[BioC] Limma: correct calculation of B statistics (log odds)

Gordon Smyth smyth at wehi.EDU.AU
Fri Apr 21 00:46:34 CEST 2006

Dear Jose,

There are a number of important points that need to be made here:

1. The moderated t-statistics and p-values returned by limma do not
use any assumption about the proportion of DE genes. These statistics
rank the genes in the same order as the B-statistic, so there is
actually no need to use the B-statistic and therefore no need to rely
on the prior assumed proportion.

2. The B-statistic is the log-posterior odds of differential
expression. Naturally the posterior probability has to depend on the
prior probability. However the ranking of the genes given by the
B-statistic doesn't depend on the prior probability.

3. It is easy in principle to estimate the proportion of
differentially expressed genes from a statistical model, but such an
estimate is all too likely to be practically bogus. Please see
Section 6.4 of Smyth (2004) where there is a careful discussion of
how the prior proportion could be estimated but why this is not done
automatically in limma.

Smyth, G. K. (2004). Linear models and empirical Bayes methods for
assessing differential expression in microarray experiments.
Statistical Applications in Genetics and Molecular Biology 3, No. 1, Article 3.
http://www.statsci.org/smyth/pubs/ebayes.pdf

4. In my opinion, the difficulty of getting a biologically meaningful
estimate of the proportion of truly DE genes is shared by all
statistical models, not just the one that limma is based on.

5. If you have a prior belief based on sound *biological* grounds
that the overall proportion of DE genes should be substantially
greater or less than 0.01, then you are permitted and encouraged to
set the proportion for yourself.

6. If you really can't resist estimating the proportion of DE genes,
the best method that I know of it that proposed by Ferkinstad et al
(2005). This is implemented in limma in the convest() function. In
limma you can use

p0 <- convest(fit\$p.value[,"coefofinterest"])

to estime the proportion of non-DE genes for your contrast of interest.

Ferkingstad, E., Langaas, M., and Lindqvist, B. (2005). Estimating
the proportion of true null hypotheses, with application
to DNA microarray data. Journal of the Royal Statistical Society
Series B, 67, 555-572.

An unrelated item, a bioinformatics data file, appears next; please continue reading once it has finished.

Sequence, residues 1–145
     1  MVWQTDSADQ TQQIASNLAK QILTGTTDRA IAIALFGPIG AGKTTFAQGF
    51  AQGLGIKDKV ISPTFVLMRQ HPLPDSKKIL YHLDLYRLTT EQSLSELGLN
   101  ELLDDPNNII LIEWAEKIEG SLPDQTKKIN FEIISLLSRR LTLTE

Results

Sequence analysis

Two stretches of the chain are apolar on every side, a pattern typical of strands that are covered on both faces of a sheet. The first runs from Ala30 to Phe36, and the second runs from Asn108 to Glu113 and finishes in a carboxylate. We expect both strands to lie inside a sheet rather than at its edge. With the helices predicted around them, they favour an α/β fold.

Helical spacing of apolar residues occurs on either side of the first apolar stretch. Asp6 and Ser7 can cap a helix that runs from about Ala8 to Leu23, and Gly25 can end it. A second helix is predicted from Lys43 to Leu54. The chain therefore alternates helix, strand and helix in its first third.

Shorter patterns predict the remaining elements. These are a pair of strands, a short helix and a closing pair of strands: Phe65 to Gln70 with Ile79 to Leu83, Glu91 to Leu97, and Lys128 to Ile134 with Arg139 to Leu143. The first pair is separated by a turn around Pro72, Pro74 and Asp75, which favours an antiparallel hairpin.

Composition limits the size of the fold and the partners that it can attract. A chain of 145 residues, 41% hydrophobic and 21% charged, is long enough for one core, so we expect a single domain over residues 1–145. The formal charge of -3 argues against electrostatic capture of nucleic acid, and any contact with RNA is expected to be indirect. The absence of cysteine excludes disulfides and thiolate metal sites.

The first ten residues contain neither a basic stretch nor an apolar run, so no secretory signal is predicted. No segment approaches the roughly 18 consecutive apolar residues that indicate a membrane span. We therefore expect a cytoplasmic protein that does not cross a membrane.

http://www.math.ntnu.no/~mettela/SFG/research.imf

7. Finally, note that the number of truly DE genes is likely to be
quite a bit greater than the number of statistically significant DE
genes. This is because there may be many genes which are DE but with
such small fold changes that you have no realistic chance of
detecting them. This fact has two consequences. Firstly it means that
you can't estimate the proportion simply by looking at the number of
significant genes. Secondly it means that the proportion of truly DE
may actually be of no real biological interest even if you knew it.
This is because it includes, perhaps even is mostly made up of, genes
of no practical interest because the fold changes too small to be important.

Best wishes
Gordon

>Date: Wed, 19 Apr 2006 13:05:59 +0100
>From: J.delasHeras at ed.ac.uk
>Subject: [BioC] Limma: correct calculation of B statistics (log odds)
>To: bioconductor at stat.math.ethz.ch
>
>
>I have been using B values to rank genes in order of more likely to
>less likely (differentially expressed) in LimmaGUI.
>
>I am now using Limma, I noticed the default value for the parameter
>"proportion" (on the function eBayes) is set at 0.01 (expected 1%
>differentially expressed genes). I didn't pay much attention to this
>parameter before, because in LimmaGUI you cannot specify it.
>
>However, now that I use "straight" Limma more I was playing with the
>proportion parameter and it affects the B stats a lot. Therefore I come
>to the question of what's the best way to estimate this parameter.
>
>My first guess is to use the P values (FDR, calculated by BH) to decide
>a cut off, usually 0.05. Then see how many genes are differentially
>expressed according to that rule. And use this observed proportion of
>differentially expressed genes as my proportion parameter.
>
>Is this the correct way to do it?
>
>Jose
>
>--
>Dr. Jose I. de las Heras                      Email: J.delasHeras at ed.ac.uk
>The Wellcome Trust Centre for Cell Biology    Phone: +44 (0)131 6513374
>Institute for Cell & Molecular Biology        Fax:   +44 (0)131 6507360